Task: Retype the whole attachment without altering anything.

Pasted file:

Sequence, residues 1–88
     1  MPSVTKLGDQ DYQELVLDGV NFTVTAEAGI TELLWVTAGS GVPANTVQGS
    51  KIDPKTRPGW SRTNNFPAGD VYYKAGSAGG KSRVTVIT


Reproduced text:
Sequence, residues 1–88
     1  MPSVTKLGDQ DYQELVLDGV NFTVTAEAGI TELLWVTAGS GVPANTVQGS
    51  KIDPKTRPGW SRTNNFPAGD VYYKAGSAGG KSRVTVIT